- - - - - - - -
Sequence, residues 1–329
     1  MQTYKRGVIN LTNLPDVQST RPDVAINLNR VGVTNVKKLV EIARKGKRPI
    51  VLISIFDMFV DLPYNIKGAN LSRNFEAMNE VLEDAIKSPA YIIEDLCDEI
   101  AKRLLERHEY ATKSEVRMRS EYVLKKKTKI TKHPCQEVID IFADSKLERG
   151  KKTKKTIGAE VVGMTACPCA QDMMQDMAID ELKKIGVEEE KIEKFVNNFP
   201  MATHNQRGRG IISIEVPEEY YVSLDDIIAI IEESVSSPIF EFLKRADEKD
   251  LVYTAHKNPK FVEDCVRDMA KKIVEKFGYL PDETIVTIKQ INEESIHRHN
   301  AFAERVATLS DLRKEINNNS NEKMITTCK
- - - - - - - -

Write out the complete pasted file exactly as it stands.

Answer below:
Sequence, residues 1–329
     1  MQTYKRGVIN LTNLPDVQST RPDVAINLNR VGVTNVKKLV EIARKGKRPI
    51  VLISIFDMFV DLPYNIKGAN LSRNFEAMNE VLEDAIKSPA YIIEDLCDEI
   101  AKRLLERHEY ATKSEVRMRS EYVLKKKTKI TKHPCQEVID IFADSKLERG
   151  KKTKKTIGAE VVGMTACPCA QDMMQDMAID ELKKIGVEEE KIEKFVNNFP
   201  MATHNQRGRG IISIEVPEEY YVSLDDIIAI IEESVSSPIF EFLKRADEKD
   251  LVYTAHKNPK FVEDCVRDMA KKIVEKFGYL PDETIVTIKQ INEESIHRHN
   301  AFAERVATLS DLRKEINNNS NEKMITTCK